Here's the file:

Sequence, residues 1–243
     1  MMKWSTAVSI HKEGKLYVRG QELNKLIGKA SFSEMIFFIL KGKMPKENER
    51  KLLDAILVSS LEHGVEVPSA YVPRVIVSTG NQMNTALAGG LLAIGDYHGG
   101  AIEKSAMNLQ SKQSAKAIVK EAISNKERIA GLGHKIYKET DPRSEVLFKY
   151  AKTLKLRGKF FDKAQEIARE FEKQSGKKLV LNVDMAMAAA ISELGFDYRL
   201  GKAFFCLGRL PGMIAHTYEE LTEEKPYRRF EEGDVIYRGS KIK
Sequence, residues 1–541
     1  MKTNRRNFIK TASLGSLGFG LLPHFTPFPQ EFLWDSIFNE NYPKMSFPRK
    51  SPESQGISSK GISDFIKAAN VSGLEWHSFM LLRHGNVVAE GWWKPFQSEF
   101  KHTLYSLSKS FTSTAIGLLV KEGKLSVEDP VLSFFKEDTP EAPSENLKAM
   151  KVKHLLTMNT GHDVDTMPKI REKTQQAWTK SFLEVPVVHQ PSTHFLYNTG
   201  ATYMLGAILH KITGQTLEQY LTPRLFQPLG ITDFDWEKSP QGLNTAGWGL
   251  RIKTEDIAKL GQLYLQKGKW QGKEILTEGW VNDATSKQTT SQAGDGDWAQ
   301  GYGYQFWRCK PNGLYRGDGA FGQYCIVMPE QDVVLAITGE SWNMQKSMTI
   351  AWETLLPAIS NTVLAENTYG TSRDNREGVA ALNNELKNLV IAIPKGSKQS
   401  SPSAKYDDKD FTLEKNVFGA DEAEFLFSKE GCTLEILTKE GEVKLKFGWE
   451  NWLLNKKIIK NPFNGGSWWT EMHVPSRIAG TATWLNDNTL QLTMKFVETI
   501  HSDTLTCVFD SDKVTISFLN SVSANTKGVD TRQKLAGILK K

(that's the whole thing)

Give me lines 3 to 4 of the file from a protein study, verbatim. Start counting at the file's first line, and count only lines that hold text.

    51  KLLDAILVSS LEHGVEVPSA YVPRVIVSTG NQMNTALAGG LLAIGDYHGG
   101  AIEKSAMNLQ SKQSAKAIVK EAISNKERIA GLGHKIYKET DPRSEVLFKY